Environmental Assessments of Capital-Intensive Product Systems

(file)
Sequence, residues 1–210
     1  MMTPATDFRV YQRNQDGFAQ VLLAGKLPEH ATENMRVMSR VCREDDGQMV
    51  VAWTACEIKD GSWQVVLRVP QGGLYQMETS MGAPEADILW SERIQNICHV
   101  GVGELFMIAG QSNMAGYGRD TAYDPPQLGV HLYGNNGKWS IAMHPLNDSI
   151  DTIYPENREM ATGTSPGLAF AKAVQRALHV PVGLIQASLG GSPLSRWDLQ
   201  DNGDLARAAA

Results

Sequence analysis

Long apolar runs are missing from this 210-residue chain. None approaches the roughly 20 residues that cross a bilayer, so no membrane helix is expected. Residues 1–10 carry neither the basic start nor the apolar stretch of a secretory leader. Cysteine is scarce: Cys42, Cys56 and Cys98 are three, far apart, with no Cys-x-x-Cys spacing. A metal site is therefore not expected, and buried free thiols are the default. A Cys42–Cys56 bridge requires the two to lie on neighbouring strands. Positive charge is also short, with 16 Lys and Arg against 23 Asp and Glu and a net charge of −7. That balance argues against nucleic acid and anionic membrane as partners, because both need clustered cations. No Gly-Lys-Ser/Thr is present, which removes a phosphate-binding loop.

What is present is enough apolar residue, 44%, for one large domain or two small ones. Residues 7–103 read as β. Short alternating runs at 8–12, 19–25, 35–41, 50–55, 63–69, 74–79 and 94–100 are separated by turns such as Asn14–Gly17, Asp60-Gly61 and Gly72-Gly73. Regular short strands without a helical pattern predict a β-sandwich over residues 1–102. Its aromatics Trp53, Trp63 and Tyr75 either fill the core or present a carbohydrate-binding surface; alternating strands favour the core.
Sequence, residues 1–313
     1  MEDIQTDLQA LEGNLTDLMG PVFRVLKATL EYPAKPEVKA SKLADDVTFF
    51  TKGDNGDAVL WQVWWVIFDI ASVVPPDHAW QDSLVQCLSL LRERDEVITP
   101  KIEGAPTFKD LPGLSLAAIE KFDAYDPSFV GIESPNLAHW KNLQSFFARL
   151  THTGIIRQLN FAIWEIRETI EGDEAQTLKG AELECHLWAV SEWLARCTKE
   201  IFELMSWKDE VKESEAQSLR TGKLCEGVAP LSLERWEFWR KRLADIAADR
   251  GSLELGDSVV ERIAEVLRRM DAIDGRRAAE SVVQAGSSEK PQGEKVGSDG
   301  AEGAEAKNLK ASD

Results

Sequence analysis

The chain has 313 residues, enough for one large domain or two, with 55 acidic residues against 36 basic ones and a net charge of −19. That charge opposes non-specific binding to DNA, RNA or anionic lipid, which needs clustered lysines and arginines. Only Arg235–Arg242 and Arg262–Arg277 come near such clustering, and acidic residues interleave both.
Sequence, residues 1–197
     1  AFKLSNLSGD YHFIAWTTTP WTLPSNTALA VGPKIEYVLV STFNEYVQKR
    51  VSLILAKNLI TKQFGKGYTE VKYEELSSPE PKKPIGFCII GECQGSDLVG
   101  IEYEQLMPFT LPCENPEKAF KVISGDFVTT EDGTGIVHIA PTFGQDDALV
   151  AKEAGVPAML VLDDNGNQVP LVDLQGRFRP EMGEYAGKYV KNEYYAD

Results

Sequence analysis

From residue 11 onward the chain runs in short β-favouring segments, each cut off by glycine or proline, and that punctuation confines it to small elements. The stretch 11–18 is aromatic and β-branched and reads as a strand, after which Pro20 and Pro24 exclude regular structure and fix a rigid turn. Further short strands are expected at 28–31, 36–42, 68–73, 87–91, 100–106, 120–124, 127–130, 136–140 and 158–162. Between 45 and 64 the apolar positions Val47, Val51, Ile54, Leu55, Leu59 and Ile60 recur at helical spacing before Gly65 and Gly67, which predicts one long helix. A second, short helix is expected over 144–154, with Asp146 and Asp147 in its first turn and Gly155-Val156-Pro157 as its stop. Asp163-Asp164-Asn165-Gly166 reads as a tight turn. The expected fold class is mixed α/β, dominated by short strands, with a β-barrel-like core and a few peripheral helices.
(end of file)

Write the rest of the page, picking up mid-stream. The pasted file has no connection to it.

The UN Sustainable Development Goals (SDGs) set out a bold vision to advance global society on multiple dimensions by the year 2030. The 17 SDGs tackle key issues of human wellbeing in part by building infrastructure, industrializing, and growing economies. The SDGs simultaneously aim to prevent climate change and conserve the natural environment. There are synergies between many of the goals, but clear tradeoffs as well. Investments in capital assets like buildings, roads, equipment, vehicles, and information technology come at an environmental cost. Innovative strategies are needed to grapple with these tradeoffs and optimize paths toward sustainable development. Innovative tools are needed to assess environmental considerations of the existing situation and possible futures.Grounded in a systems perspective, the evolving field of Industrial Ecology (IE) is well suited to contribute such assessment tools. The common suite of IE tools includes environmentally-extended input-output (EEIO) analysis, life cycle assessment (LCA), and material flow analysis (MFA). EEIO analysis takes a top-down look at the monetary exchanges between sectors of the economy, while LCA creates a detailed bottom-up account of the physical exchanges to produce and use a product system; both trace potential environmental impacts and resource use along supply chains. MFA traces the movement and accumulation of materials throughout a system and over time. The goal of this dissertation is to utilize and innovate upon EEIO, LCA, and MFA to address a set of environmental issues related to a variety of capital-intensive product systems. The dissertation begins by enhancing the USEEIO model through endogenization of capital assets. The USEEIO model was developed by the US EPA to analyze environmental impacts of around 400 goods and services in the US economy. Due to the structure of EEIO models, the investment in long-lived capital assets is considered separately from the exchanges of short-lived goods and services between producing sectors. Considering the environmental intensity of creating capital assets, it is important to incorporate the use of these assets in production processes, especially when comparing environmental impacts of alternative product systems. The dissertation next focuses on metal footprints, with an emphasis on metal in capital assets. The approach combines multi-regional EEIO analysis with MFA. Existing metal footprints trace the gross ore from the source to the end product and final consumer, and do not endogenize capital. The gross ore is mostly comprised of rock; the desired metal that continues along the supply chain is only a fraction. Given the high variation in the ore grade between types of metals, the ore-based metal footprint differs substantially from that calculated based on the valuable metal contained in the ore. In this work, an approach is developed and demonstrated to trace the valuable metal from the source through the supply chain and compare results with the typical approach. These metal contained footprints are compared with and without the capital assets endogenized. The analysis explores drivers of change over time, national trends, and potential environmental impacts of metal production. The dissertation then pivots to an LCA case study of a specific innovative product system: commercial aircraft powered by liquid hydrogen combustion. A variety of strategies are being pursued in attempts to decarbonize civil aviation, which is very challenging due the technical constraints of commercial flight. Hydrogen has been considered as a fuel over the decades but has recently been re-proposed as a possible solution by Airbus, with a caveat that the hydrogen would need to be produced from renewable electricity to net an environmental benefit. Currently, most hydrogen in the world is produced from natural gas and coal. There are no recent comprehensive studies on the potential environmental and human health benefits and tradeoffs of transitioning from a fleet powered by conventional petroleum jet fuel to one powered by hydrogen combustion. Therefore, this study is a comprehensive, comparative Well-to-Wake LCA. The use of capital assets are of course included throughout the life cycle; the assets drive the relative performance of some hydrogen production pathways. Many forms of uncertainty are captured in a simulation model, and influential parameters are identified. Recommendations are provided on critical areas for further study necessary to determine whether and under what scenarios to initiate a shift to hydrogen-powered aviation. This dissertation addresses several aspects of environmental assessments of capital-intensive product systems. The tools of IE have been shown to be effective for distilling key metrics for comparison between nations and product systems. Though the chapters do not build upon each other linearly, they overlap, and each help fill in different pieces of the same sustainability puzzle.